Hamilton Hosts MAA Meeting

The Hamilton Mathematics Department hosted the spring 2012 meeting of the Seaway Section of the Mathematical Association of America (MAA) on April 13 and 14.


The conference featured presentations by 18 faculty speakers and 23 students on a wide variety of mathematical topics.  Twelve Hamilton students presented their work at the conference: seniors Louis Boguchwal, Yinghan Ding, Zane Glauber, Spencer Gulbronson, Sara Harding, Mark Ibrahim, Amelia Mattern, Alex Snow, Kristin Stenerson and Zijun Zhang; junior Yating Guan; and first-year student Robert Huben.


On Friday evening, six teams of undergraduates from participating institutions competed in a match of “Math Jeopardy.” The home team – senior Alex Snow, junior  Megan Schlosser, and sophomores Caitlin O’Connor, Douglas Santoro, Madeline Umscheid and Sam Zimmerman – rallied to a one-point victory as Hamilton edged past SUNY Fredonia in the final Jeopardy round.


The meeting was attended by 185 participants from 36 institutions. Keynote addresses were delivered by David Bressoud, DeWitt Wallace Professor of Mathematics at Macalester College and immediate past president of the Mathematical Association of America; Bill Dunham, Truman Koehler Professor of Mathematics at Muhlenberg College; Robin Lock (P’06), Burry Professor of Statistics at St. Lawrence University; and Col. Steve Horton, Professor of Operations Research at the United States Military Academy and Deputy Department Head for the Department of Mathematical Sciences.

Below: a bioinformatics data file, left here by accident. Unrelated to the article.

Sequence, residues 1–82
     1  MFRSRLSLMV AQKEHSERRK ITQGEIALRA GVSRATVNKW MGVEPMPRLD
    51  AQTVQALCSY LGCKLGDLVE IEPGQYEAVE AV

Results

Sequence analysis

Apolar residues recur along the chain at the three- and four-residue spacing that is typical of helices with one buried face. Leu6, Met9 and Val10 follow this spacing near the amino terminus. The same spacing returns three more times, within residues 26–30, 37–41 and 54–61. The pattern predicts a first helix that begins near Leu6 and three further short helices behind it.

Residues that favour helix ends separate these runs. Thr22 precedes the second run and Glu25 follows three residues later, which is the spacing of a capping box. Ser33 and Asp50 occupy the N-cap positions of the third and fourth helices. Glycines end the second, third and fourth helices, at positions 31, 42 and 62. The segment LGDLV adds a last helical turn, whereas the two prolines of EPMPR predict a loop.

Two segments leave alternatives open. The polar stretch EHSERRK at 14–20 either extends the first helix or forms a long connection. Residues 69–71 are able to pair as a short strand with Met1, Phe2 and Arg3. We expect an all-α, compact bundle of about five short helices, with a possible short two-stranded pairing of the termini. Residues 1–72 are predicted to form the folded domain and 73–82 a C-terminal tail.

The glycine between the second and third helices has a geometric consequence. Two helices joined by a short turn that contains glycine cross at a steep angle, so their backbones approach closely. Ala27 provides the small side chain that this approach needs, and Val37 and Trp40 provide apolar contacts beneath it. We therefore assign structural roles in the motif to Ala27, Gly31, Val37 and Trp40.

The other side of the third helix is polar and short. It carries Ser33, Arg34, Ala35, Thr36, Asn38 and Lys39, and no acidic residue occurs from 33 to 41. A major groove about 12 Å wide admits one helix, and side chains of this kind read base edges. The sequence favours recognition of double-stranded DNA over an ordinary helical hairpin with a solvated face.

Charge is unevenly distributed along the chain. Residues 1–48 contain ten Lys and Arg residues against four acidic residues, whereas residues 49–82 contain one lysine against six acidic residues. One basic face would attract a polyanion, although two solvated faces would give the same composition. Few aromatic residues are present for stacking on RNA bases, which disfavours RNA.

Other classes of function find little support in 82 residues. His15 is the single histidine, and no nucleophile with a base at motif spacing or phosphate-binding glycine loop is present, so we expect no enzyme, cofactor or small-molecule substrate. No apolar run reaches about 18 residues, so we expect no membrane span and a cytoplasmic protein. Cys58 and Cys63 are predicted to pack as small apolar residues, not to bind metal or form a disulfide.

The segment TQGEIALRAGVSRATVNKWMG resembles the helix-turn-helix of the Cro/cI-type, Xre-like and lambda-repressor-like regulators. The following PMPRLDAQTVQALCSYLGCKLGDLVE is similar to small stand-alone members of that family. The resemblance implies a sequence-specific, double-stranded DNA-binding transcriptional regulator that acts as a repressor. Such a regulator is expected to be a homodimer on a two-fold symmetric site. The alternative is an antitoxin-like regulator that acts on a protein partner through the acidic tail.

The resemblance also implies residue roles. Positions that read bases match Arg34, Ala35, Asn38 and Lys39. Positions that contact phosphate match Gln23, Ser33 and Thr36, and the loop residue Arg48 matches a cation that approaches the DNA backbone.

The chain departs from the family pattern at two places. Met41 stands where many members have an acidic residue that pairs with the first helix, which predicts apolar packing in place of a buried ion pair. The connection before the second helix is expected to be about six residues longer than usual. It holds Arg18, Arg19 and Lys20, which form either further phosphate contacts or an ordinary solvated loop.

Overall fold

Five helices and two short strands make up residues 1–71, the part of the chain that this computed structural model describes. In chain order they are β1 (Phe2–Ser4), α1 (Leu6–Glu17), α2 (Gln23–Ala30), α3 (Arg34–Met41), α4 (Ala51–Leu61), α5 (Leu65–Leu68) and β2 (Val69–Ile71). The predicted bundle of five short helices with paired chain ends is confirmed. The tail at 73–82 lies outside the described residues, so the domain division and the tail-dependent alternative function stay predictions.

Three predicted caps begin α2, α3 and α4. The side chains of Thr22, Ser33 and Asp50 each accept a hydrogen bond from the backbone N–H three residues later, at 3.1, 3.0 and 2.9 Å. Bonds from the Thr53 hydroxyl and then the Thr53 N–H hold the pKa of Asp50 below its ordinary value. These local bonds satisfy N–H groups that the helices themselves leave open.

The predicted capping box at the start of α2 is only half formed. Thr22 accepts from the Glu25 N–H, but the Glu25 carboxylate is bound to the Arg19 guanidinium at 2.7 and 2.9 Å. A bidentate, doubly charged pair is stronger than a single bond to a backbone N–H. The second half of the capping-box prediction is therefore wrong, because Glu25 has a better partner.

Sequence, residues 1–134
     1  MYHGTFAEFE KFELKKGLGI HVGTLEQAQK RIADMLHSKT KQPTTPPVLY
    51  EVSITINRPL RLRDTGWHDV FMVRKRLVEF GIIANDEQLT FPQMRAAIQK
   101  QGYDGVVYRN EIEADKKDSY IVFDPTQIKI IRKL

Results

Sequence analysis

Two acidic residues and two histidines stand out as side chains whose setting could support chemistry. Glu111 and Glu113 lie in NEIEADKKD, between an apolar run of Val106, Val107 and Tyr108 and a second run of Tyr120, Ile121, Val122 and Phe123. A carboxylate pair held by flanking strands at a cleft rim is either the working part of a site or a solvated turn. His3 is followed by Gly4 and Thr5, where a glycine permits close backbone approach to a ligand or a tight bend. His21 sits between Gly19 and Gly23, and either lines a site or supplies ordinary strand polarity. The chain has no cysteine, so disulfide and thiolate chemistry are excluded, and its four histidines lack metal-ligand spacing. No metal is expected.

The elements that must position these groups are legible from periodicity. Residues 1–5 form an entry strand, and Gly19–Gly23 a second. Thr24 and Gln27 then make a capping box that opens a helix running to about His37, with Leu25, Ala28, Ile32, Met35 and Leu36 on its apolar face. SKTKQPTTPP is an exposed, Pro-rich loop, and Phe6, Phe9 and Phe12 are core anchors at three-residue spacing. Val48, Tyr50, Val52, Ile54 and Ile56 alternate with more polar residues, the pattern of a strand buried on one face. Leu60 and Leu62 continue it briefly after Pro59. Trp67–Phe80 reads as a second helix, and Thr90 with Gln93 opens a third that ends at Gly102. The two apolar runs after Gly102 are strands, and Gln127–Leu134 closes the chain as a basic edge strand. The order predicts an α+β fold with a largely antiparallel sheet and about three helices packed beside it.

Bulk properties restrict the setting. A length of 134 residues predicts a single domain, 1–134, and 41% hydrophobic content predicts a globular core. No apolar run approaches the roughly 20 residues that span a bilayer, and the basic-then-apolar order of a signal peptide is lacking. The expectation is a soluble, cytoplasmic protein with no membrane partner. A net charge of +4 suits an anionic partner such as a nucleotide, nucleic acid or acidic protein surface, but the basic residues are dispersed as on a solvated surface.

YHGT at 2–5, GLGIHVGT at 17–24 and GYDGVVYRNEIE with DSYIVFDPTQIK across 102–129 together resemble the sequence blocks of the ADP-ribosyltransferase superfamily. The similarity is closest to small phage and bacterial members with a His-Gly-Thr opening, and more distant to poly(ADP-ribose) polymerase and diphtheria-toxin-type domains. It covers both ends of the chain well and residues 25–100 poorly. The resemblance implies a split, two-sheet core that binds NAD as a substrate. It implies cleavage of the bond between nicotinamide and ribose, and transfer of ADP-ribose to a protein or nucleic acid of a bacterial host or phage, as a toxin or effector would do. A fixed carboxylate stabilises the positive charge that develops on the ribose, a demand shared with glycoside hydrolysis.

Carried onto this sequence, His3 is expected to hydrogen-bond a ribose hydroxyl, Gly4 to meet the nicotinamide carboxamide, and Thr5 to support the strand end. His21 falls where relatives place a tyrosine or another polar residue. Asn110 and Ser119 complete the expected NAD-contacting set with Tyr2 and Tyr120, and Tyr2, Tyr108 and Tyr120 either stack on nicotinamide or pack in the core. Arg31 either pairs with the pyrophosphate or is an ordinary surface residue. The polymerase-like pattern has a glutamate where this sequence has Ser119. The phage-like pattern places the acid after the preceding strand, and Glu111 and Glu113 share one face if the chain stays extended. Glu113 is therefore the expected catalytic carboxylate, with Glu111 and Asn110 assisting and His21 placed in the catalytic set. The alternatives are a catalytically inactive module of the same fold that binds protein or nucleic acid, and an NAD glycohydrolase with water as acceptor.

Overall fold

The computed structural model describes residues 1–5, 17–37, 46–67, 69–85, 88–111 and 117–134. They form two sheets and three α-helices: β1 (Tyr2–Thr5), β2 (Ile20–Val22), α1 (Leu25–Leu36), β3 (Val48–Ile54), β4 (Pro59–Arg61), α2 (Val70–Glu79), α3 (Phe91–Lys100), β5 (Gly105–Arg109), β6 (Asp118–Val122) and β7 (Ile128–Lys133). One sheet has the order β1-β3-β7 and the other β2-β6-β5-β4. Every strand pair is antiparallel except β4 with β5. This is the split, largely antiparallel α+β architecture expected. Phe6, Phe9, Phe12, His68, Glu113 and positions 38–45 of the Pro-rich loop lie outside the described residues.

As indicated on their website, the MAA is “the largest professional society that focuses on mathematics accessible at the undergraduate level.” Members include university, college, and high school teachers; graduate and undergraduate students; pure and applied mathematicians; computer scientists; statisticians; and many others in academia, government, business, and industry.   The Association is divided into 29 geographical sections; Hamilton is a member of the Seaway Section, which includes most of central and upstate New York, and extends north of the St. Lawrence River into Canada.

Back to Top